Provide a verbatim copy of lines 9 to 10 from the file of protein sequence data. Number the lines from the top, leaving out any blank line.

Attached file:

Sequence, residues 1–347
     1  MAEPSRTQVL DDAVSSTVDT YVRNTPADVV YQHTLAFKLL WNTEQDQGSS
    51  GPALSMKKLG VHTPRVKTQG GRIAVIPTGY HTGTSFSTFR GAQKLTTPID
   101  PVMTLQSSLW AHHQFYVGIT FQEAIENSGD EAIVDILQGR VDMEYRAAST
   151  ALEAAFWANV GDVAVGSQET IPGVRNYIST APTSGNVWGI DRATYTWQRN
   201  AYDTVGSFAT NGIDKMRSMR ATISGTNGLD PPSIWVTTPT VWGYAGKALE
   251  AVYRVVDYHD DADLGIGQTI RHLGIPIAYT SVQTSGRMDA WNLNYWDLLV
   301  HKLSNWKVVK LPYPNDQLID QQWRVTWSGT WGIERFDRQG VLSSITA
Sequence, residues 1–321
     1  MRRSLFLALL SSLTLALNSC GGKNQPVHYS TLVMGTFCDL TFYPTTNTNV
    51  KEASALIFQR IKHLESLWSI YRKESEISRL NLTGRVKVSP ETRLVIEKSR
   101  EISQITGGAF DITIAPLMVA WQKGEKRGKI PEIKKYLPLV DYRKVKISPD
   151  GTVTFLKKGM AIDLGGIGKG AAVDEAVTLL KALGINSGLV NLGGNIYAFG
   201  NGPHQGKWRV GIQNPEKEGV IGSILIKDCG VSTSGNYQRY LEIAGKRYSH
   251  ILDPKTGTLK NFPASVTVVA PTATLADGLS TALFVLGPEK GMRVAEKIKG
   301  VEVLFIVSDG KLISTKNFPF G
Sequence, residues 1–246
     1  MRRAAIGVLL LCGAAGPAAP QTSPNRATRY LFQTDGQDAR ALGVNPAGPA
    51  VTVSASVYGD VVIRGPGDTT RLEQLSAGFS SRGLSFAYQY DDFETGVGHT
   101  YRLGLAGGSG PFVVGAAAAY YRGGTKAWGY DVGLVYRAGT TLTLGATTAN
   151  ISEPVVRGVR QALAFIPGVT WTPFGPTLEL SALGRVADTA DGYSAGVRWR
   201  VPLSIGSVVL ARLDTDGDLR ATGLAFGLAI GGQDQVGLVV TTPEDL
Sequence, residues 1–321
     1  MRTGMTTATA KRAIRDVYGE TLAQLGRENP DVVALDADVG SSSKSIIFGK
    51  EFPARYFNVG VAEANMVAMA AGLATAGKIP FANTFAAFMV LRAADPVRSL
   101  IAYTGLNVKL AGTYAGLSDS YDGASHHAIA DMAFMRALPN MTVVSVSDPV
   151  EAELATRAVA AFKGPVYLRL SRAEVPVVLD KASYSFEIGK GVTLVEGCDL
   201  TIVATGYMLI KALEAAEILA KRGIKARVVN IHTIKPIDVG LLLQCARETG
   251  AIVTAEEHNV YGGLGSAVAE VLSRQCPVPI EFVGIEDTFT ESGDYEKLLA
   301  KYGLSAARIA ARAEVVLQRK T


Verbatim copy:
Sequence, residues 1–321
     1  MRRSLFLALL SSLTLALNSC GGKNQPVHYS TLVMGTFCDL TFYPTTNTNV